I'm creating a small web application. There is not any advanced functionality, just fundamental queries from the database.

The web site itself enables log inches via usual means and Facebook Connect, after that it has some CRUD functionality.

I'll be developing a 'native' Facebook application for this, aswell being an apple iphone application as well as an Android application.

My real question is, what's the easiest method to keep up with the codebase?

I've carried this out before where I produced a fundamental API that permitted me to include, edit and remove database records, and that i then used HTTP Posts the API across all platforms. This managed to get very simple to keep up with the codebase, fix bugs, make updates, etc, when i only needed to update one place. The person applications themselves only really had some skinning and more cURL demands. Even though this labored ideal for the mobile applications (apple iphone and Android), it made unnecessary http demands online and Facebook application.

What's the easiest method to approach this case? Must I create 2 websites (Facebook and normal website) as well as an API? This could allow it to be harder to keep, but a lot more stable and faster. Just an API, which may allow it to be simple to maintain?

The codebase is PHP in CodeIgniter with MySQL because the database.

I believe you need to create an API with php classes, after which possess a HTTP API wrapped around it.

PHP class API:

<?php // myproducts.class.php

class MyProducts

title, $cost)

  



And your HTTP API:

<?php // api/items.php

// read HTTP Publish and decode it as being json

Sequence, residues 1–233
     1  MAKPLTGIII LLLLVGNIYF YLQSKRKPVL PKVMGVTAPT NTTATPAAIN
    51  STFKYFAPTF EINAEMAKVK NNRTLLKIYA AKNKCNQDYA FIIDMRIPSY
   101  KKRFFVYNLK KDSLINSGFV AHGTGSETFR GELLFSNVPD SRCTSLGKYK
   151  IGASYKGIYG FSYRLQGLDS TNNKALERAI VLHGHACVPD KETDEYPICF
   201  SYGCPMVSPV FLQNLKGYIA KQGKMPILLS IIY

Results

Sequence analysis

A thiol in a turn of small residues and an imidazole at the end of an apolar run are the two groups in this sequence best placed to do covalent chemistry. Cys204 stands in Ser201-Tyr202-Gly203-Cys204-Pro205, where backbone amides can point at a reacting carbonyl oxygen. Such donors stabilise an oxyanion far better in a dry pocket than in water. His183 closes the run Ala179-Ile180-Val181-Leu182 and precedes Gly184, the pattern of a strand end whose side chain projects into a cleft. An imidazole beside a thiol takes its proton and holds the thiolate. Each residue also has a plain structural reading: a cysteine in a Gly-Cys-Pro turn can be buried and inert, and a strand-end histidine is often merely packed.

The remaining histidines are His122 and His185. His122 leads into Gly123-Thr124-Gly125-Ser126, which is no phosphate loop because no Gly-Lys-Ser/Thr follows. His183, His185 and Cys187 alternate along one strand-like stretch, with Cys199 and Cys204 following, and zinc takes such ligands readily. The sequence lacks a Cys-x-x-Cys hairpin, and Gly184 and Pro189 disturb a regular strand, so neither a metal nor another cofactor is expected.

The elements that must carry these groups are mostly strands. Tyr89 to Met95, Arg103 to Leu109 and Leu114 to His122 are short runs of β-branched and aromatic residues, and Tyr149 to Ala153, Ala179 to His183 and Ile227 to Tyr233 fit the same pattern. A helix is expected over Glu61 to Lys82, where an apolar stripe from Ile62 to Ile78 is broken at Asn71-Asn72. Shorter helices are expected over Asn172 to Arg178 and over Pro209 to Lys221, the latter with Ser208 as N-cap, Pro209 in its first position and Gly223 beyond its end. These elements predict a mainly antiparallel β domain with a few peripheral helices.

$postParams = json_decode(file_get_contents('php://input'))

if (!$postParams)

  throw new exception("Couldn't decode Publish data, invalid JSON.")

// run the preferred action

$classMethod = $postParams['action']

$arguments = $postParams['arguments']

$result = call_user_func_array(array('MyProducts', $classMethod), $arguments)

// print result as JSON

print json_scribe($result)

With this particular, it is simple to write an obj-c class to speak to the HTTP API. It could look something similar to:

NSData *postData = [@"" dataUsingEncoding:NSUTF8StringEncoding]

NSMutableURLRequest *request = [NSMutableURLRequest requestWithURL:API_URL cachePolicy:NSURLRequestReloadIgnoringLocalCacheData timeoutInterval:60]

[request setHTTPMethod:@"Publish"]

[request setHTTPBody:postData]

NSHTTPURLResponse *urlResponse = nil

NSError *error = nil

NSData *responseData = [NSURLConnection sendSynchronousRequest:request returningResponse:&urlResponse error:&error]

NSLog(@"response: %@", [[[NSString alloc] initWithData:responseData encoding:NSUTF8StringEncoding] autorelease])

Clearly you will want to find an Obj-C API for encoding/decoding JSON. I'm using TouchJSON

We've been using Kohana since The month of january. We moved from Codeigniter, which is quite lovely. The cascading down file system causes it to be simple to organize your code.

A good example of multi-platform me is Android. We have pressed most the logic into php, only then do we pull that into an Android WebView, with a few assistants for connectivity and speed, also it shows just like a native application.

With Kohana, just produce a JSON view for API calls. You should check the request to ascertain if it's AJAX to determine whether to utilize a JSON or any other view.

To determine between browser or mobile application, we set a person agent string unique to the mobile application, then test for this php-side. Also, you will find there's view hierarchy that allows us possess a couple of different layout files. There's one for mobile demands, one for that web application, one for any certain kind of user, etc.

Overall, Kohana is much more flexible than Codeigniter, along with a great base to construct an internet application and API on.

The down-side to Kohana would be that the documentation is quite poor. However, when you begin using it, you'll learn it rapidly. The codebase is neat and readable through.

Sorry basically continued about Kohana to much, but, if you wish to use php and also have the versatility you appear to crave, this is actually the starting point, IMHO.